UTAH OPERA COSTUME SHOP SEWS HUNDREDS OF FACE MASKS FOR SALT LAKE REGIONAL MEDICAL CENTER AND OTHER GROUPS SERVING THE UTAH MEDICAL COMMUNITY
SALT LAKE CITY, Utah (April 28, 2020) – The artisans in the Utah Opera Costume Shop are sharing their creative talents in meaningful ways during the shut down of services resulting from the state’s response to COVID-19.
Six stitchers began creating general protection masks for Salt Lake Regional Medical Center using cotton and muslin unused remnants, including left over fabric from costumes for the January 2019 production of “The Little Prince.” The talented costume shop artisans are enjoying this chance to meaningfully serve our community and challenged themselves to see how many masks they might be able to create in a day—their donation to the hospital exceeded several hundred in two weeks! They are also making several hundred stretch extenders for people to use across the back of their heads to alleviate the uncomfortable rubbing of elastic around the ears from prolonged wearing of masks.
“When I called Salt Lake Regional they were genuinely happy for the call. Tammy said that since they were a small hospital they didn’t usually receive offers of help so really anything we could offer would be wonderful,” said Utah Opera Costume Director Verona Green. “In this uncertain world where it is hard to know what to do to help, a simple mask is becomes a positive gift that things will get better. I felt strongly about this and the costume shop joined right in.”
The costume team is also sewing 700 medical grade masks for healthcare workers around the state from kits provided by the Utah chapter of Just Serve, a community service organization.
The Utah Opera scenic shop has also been investigating the possibility of creating face shields for medical professionals, but has not yet been able to locate the materials required.
The Utah Opera costume shop houses more than 150,000 individual pieces in its extensive warehouse, including hats, cravats, capes, shoes and ties in the company’s Production Studios. This amounts to around 45 full productions in its inventory, which it rents out to as many as 20 other opera companies each season in addition to four full productions presented onstage at Capitol Theatre.
Utah Symphony | Utah Opera announced the suspension of 13 performances through May 23, 2020 – including the opera productions of “The Barber of Seville” (March) and “Thais” (May) – in response to the state’s increased COVID-19 precautions for social distancing and Salt Lake County Arts and Culture’s announcement that performing arts venues will be closed through May 15, 2020. USUO Education additionally cancelled all symphony education concerts, all in-school opera assemblies, and every outreach event already scheduled.
About Utah Opera
Utah Opera, established by Glade Peterson in 1978, has been part of the Utah community for 40 years and engages audiences through inspiring operatic performances. The opera company presents four annual productions at the historic Janet Quinney Lawson Capitol Theatre and regularly partners with Utah Symphony and other organizations for special presentations. In addition to producing classic works from the operatic repertoire, Utah Opera also emphasizes the importance of contemporary American opera, with notable achievements including the 1996 world premiere of David Carlson’s “Dreamkeepers” and the co-commissioning and Western U.S. premiere of Ricky Ian Gordon’s “The Grapes of Wrath” in 2007, presenting the Western U.S. premiere of Jeremy Howard Beck and Stephanie Fleischmann’s “The Long Walk” in 2016, the creation of a new production of Jake Heggie and Gene Scheer’s “Moby-Dick” in 2018 that featured a versatile set designed to adapt to a wide range of theater stages, and an all-new production of Rachel Porter and Nicholas Wright’s “The Little Prince,” premiered on the Janet Quinney Lawson Capitol Theatre stage in January 2019.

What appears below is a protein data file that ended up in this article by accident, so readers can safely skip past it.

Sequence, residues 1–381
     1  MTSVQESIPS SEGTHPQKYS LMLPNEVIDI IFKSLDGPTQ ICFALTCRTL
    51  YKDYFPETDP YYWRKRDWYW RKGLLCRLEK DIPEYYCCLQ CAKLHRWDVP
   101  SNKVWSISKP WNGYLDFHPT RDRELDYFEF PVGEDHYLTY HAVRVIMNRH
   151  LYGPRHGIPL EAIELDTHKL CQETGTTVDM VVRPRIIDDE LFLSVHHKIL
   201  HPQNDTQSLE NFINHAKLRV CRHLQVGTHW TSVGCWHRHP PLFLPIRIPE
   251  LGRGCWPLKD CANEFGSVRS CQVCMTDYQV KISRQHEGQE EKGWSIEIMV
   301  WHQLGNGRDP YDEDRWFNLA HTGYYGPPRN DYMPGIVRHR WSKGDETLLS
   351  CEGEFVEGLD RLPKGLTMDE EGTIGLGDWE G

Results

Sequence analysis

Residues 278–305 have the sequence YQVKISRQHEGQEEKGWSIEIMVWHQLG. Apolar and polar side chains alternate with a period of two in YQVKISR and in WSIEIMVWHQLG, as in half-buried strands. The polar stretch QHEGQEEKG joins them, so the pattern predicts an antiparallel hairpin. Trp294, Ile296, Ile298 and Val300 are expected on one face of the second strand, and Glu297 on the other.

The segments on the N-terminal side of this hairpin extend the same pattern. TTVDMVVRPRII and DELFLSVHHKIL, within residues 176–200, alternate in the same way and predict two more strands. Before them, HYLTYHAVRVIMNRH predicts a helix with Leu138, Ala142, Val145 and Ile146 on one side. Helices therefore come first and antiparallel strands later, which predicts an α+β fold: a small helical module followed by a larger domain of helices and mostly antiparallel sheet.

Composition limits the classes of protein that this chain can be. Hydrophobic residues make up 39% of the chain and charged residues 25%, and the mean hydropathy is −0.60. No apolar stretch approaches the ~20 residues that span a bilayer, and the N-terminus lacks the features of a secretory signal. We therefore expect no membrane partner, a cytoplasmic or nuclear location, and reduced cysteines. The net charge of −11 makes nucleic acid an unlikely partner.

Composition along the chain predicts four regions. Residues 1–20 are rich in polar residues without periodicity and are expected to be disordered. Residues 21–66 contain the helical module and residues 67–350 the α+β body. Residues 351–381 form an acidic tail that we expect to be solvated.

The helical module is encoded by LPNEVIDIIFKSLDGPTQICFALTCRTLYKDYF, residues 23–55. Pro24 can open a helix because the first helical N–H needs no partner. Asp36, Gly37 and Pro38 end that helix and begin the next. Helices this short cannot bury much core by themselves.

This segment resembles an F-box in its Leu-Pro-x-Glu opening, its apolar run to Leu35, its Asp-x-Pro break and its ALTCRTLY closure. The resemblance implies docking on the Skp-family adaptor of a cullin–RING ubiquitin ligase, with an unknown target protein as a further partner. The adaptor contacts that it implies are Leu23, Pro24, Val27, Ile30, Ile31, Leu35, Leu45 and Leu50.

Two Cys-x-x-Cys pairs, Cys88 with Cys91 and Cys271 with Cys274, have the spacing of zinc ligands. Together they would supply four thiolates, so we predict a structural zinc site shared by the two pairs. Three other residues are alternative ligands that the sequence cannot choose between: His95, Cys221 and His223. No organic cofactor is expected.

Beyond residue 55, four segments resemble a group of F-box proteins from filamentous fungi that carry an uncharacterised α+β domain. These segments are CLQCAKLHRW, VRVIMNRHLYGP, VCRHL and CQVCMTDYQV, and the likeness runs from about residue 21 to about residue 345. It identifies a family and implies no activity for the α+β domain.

Utah Opera operates a full production studio where productions are rehearsed and costumes, props and set pieces are designed, made, rented out and stored. The opera currently has 19 full sets and costumes for 50 full productions in its inventory. Utah Opera also offers a Resident Artist Program, a nationally recognized young artist training program for professional singers and pianists who perform for more than 81,000 students each year free of charge through the organization’s education and outreach activities. The Utah Symphony has performed as part of the Opera’s productions since the company’s founding, and the two organizations merged in 2002.
Utah Opera’s Artistic Director, Christopher McBeth, joined the company in the fall of 2000 and took over primary artistic leadership in 2003. Under his leadership, Utah Opera productions have received acclaim for introducing audiences to the next generation of fine singing actors. Mr. McBeth strives to provide distinguished quality productions that showcase emerging and established artists, celebrate traditional works, and champion the American operatic tradition. For more information, visit www.utahopera.org.